The more detail that is included in a model, the more difficulty there is in selecting model parameters and getting desired results. That's why so many computational neuroscience models don't bother with ion accumulation--it is just assumed that concentrations are constant.
Many modelers have used what might be called "a physicist's first order approximation to representing the dynamics of calcium concentration." The conceptual model is very simple. Calcium accumulates in a shell adjacent to the inner surface of the cell membrane, where the concentration is cai. From there it can exchange with calcium in the core of the cell, or be pumped out of the cell. The effect of these processes on cai is described by a first order ordinary differential equation. The very simplest implementation of this model ignores buffering, so, ignoring scale factors needed for dimensional consistency, the ODE is
cai' = -ica/depth/F/2 + (cai0 - cai)/tau
where depth is the shell thickness, F is Faraday's constant, cai0 is the initial value of cai, and tau is the time constant of cai equilibration. Such a mechanism is implemented in the file cacum.mod, which you will find in the nrn/share/examples/nrniv/nmodl subdirectory of the directory tree that results from cloning NEURON's latest development code, or by downloading and expanding the gzipped tar file of NEURON source code from http://www.neuron.yale.edu/neuron/download/getstd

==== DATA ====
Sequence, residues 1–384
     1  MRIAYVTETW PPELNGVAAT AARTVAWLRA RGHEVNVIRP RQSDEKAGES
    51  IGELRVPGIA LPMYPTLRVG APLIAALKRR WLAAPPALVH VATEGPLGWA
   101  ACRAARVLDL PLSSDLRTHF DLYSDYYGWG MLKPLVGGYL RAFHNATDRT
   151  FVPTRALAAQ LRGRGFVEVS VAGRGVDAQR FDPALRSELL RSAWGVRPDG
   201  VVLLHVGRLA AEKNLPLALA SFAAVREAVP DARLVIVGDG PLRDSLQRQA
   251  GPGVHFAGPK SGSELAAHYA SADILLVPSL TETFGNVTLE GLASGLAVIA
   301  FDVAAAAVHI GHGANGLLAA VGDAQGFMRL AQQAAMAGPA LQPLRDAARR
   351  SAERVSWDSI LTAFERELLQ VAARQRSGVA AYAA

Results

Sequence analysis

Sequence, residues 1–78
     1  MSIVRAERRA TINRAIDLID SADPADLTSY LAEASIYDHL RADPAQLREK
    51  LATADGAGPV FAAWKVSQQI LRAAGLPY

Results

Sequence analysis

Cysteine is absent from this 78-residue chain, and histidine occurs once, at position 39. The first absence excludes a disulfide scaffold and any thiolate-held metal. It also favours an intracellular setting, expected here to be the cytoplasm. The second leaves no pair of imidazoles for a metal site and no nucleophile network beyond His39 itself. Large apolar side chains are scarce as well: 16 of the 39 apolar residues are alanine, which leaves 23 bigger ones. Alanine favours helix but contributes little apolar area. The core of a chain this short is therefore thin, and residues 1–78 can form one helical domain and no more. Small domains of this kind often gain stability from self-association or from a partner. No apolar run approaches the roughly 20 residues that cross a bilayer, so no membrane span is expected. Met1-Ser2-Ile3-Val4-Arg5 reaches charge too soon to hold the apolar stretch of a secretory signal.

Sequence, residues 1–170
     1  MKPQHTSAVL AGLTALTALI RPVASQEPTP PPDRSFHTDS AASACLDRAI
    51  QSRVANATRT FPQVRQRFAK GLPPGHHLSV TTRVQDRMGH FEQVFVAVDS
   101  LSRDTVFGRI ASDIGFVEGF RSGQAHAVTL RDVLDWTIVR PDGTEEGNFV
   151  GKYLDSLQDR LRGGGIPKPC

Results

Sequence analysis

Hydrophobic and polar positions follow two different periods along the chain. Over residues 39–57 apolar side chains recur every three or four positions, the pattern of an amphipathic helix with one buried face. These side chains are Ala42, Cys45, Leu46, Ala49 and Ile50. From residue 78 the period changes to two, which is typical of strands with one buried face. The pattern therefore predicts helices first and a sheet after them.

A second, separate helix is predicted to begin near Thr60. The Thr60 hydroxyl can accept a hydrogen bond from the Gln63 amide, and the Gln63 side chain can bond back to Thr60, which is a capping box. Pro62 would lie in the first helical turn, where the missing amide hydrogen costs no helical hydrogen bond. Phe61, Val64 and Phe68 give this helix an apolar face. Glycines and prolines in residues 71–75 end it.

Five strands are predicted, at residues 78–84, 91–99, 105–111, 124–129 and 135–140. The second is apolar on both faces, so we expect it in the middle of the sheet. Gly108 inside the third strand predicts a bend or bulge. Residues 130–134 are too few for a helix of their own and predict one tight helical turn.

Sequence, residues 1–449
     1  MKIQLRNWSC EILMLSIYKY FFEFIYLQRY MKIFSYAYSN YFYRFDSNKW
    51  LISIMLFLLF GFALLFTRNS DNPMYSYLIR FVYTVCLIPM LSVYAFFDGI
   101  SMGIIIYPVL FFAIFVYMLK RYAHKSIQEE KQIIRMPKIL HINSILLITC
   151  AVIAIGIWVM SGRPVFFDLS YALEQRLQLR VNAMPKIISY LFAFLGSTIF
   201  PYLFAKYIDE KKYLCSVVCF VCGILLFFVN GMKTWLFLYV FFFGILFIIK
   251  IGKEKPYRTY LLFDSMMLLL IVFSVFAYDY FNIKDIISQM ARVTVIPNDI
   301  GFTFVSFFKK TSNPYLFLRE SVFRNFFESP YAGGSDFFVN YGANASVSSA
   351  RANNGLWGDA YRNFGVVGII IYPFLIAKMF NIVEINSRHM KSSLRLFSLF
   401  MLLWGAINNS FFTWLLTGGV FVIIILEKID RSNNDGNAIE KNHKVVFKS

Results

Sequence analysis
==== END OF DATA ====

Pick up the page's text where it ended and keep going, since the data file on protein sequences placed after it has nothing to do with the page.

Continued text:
If you want your calcium accumulation mechanism to include instantaneous buffering, change the ODE to
cai' = -ica/depth/F/2/B + (cai0 - cai)/tau
where B is a dimensionless parameter that specifies the ratio of bound calcium to free calcium. To do this, make a copy of cacum.mod that you call cacumb.mod, then edit cacumb.mod and make these changes:
1. Just before the ENDCOMMENT line, insert these lines:
Based on cacum.mod
Includes instantaneous calcium buffering.
The dimensionless parameter B specifies
the ratio of bound calcium to free calcium.
: SUFFIX cacum
3. In the PARAMETER block insert these lines just before the line that has the closing curly bracket }.
Code: Select all
B (1) : a dimensionless parameter that specifies
: the ratio of bound to free calcium
The advantage of cacum and cacumb is that it's simple and you have complete control over the time course of cai equilibration.
If you prefer the more complex model from chapter 9, you'll have more parameters to deal with, such as the pump's rate constants, and the pump's density parameter. And for each section you'll have to tinker with at least the pump's density parameter to make sure you get the desired cai dynamics, because surface to volume ratio, which varies with segment diameter, affects the cai dynamics. And you'll have people asking whether it makes sense to have compartment thickness vary with segment diameter.